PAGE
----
Millcreek Aerator

Discussion in 'Lawn Mowing' started by rodfather, Nov 13, 2002.

  1. rodfather

    rodfather LawnSite Fanatic
    Posts: 9,501

    Was wondering if anyone has any experience (good or bad) with Millcreek Aerators. This company has front-mounted types. I am considering removing the mower deck off of one of my Toro Groundsmasters and attaching a 60" aerator.

    Price with installation will be right around $2000. Any thoughts or comments would be appreciated.
  2. Rodpop's Make sure you get one with the springs on the spoons, will keep from pulling up any sod damaged by grubs.

    They make a good unit.

    I beleive the spoons are the same as Classens and Ryans.
  3. MacLawnCo

    MacLawnCo LawnSite Bronze Member
    Posts: 1,847


    Is that price for a new unit?? That sounds like a really good deal.
  4. cantoo

    cantoo LawnSite Silver Member
    Posts: 2,910

    I bought a well used Ryan 6' at a sale for Can $190.00 Take the winter and look for a use one then make your own brackets to fit your machine.
  5. mlc

    mlc LawnSite Member
    Posts: 61

    I have a 60" Millcreek aerator mounted on the 3 pt hitch of a Kubota tractor (B1750). I've been thinking seriously of selling it and purchasing an aeravator attatchment-AE40-L. The Millcreek is basically a decent unit but not for my application. I do mainly residential properties with it and find the unit too large. The unit is designed to work with speed; the faster you pull it, the better plug it pulls. It would work great on wide open spaces such as sports fields. When I use it on residentials, I cannot safely go that fast and the tines line up causing the unit to bounce and not remove a good core. Each row of tines on the Millcreek are able to rotate independantly of each other- as soon as I go slow they all line up which I don't like. This year the ground was to dry and the Millcreek unit didn't get to much use. I ended up using a Ryan lawnaire 4 which pulls a decent plug but is so slow. Basically to answer you question - Millcreek aerators are decent units if you have large areas to use them. Hope this helps.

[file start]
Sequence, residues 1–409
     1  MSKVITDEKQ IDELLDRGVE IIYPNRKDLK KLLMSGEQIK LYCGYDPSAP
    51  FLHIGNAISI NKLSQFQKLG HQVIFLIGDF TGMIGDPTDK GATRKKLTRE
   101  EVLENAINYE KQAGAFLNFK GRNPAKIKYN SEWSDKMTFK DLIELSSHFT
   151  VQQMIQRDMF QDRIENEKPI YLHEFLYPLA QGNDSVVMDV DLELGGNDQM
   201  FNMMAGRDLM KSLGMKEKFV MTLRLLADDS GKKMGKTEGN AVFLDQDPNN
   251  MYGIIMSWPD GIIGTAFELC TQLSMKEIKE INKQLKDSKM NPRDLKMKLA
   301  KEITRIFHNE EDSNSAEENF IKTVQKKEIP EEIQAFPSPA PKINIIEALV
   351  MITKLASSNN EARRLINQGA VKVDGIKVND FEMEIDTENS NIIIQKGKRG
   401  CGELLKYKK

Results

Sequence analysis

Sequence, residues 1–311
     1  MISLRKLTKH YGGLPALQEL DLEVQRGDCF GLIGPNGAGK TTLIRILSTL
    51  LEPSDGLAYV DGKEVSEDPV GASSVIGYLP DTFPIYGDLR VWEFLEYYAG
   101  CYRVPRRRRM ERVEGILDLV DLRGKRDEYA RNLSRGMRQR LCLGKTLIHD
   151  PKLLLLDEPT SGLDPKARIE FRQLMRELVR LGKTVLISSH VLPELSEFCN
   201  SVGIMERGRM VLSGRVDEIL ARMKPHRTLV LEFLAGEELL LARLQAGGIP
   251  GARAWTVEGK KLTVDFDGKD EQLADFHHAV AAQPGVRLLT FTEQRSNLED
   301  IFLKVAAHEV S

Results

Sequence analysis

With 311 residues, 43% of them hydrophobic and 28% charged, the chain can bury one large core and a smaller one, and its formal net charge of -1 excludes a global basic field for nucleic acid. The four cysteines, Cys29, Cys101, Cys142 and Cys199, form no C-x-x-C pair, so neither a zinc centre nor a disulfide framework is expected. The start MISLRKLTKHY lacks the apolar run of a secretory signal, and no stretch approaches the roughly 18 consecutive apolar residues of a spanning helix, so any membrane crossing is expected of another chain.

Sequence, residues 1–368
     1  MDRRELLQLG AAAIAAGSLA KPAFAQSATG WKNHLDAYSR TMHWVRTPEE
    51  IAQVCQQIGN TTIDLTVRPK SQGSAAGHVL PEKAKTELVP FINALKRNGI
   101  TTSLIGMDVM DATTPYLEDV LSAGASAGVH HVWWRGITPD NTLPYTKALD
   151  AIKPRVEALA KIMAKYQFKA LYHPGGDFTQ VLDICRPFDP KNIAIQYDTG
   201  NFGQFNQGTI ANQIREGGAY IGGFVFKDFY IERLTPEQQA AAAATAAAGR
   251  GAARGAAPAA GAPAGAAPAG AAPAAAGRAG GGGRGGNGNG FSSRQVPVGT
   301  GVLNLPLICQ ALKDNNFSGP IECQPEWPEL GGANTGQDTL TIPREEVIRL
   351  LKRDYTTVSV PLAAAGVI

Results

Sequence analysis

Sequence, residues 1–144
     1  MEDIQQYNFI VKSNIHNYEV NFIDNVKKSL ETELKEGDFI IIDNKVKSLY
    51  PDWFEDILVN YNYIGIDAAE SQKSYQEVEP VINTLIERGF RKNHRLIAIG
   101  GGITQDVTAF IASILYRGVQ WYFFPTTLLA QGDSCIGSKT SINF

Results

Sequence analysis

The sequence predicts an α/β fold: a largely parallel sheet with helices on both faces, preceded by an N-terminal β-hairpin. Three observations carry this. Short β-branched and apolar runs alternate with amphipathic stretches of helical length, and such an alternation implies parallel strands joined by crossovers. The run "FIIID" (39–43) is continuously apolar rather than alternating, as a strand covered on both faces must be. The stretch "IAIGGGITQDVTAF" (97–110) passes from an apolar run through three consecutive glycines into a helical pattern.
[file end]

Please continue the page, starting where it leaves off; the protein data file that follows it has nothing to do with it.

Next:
Aside from the original question for Aeravator owners:
    Does the First Product Aeravators work well to prepare dead turf areas that where a result of grub damage for reseeding? Reseeding lawns with thick thatch? Thank you.
  6. Currier

    Currier LawnSite Senior Member
    Posts: 564

    I tried the Millcreek on my Walker with all the weights on the unit and about 200+ lbs in the hopper. It did a very poor job. I tried it several times on different lawns, another LCO tried it and had the same results. It would poke the holes but it just didn't leave very many plugs. I had brand new spoon tines. The lawns just never "looked" aerated.

    Thankfully my dealer took it back on trade for a new deck.

    This feb. I get my perfaerator (Walkers' aerator) It is camshaft driven and does the job it is supposed to do.
  7. Mowingman

    Mowingman LawnSite Platinum Member
    from Texas
    Posts: 4,662

    I bought a used Millcreek to fit on my Walker this year. With 200# of weight on the aerator and 100 # in the Walkers hopper, it did a good job on real soft ground. On any ground that was the least bit firm-hard, the unit did not work worth a darn. I will probably look for some other type of aerator next year.:(
  8. I built push arms for mine. But on the 325, to remove or install push arms, you begin by removing the floor of the unit and the brake pedals. It took me half a day to remove or install the unit.

    After mounting, it couldn't turn without tearing out the holes a little because of the way the Toro steers. Plus the stock lift cyiinder is a little light for the aerator with any weight added.

    I've never even seen the commercially made mount. but unless it has some kind of spring loading or articulation, they'll have the same problems.

    I made my own push arms. They're heavy enough, even have grease fittings. You can have 'em if you pay shipping. They work, just not that great.

    The aerator works better pulled than pushed. It takes advantage of the spoon wheels being mounted in pairs. You get less tearing on turns.
    A three point hitch still makes the aerator difficult to turn while the tines are in the ground also. (I borrowed the one the city has once) It's just not as bad as when it's being pushed. When it's pushed it wants to go in the opposite direction of the way you're steering it. So I made a hitch that turns.
    It's on this thread on page #2:
    Aerator finally useable ( 1 2 ) 1grnlwn

    The ground does need to be soft when using a core aerator. But that's when I aerate, spring and fall. An aeravator wouldn't do me any good. For an aeravator the ground needs to be solid so it can bust it apart. For me it would be just stirring the mud.

    That's all I can think of. But I'll try to answer anything you'd want to ask.

    toro millcreek.jpg
  9. musselman

    musselman LawnSite Senior Member
    from utah
    Posts: 301

    hey currier....was that Delta Implement (cant spell). Im in Monticello utah and they are the closest Walker dealer to me.....I think he tried to sell me your old Millcreek....I was thinking about it glad I dint. did you get a hooker? and what is the price tag on the perfarator going to be?
  10. rodfather

    rodfather LawnSite Fanatic
    Posts: 9,501

    Thanks Dave...I guess I gotta think about this, huh? What you said made sense with some things I hadn't thought of.

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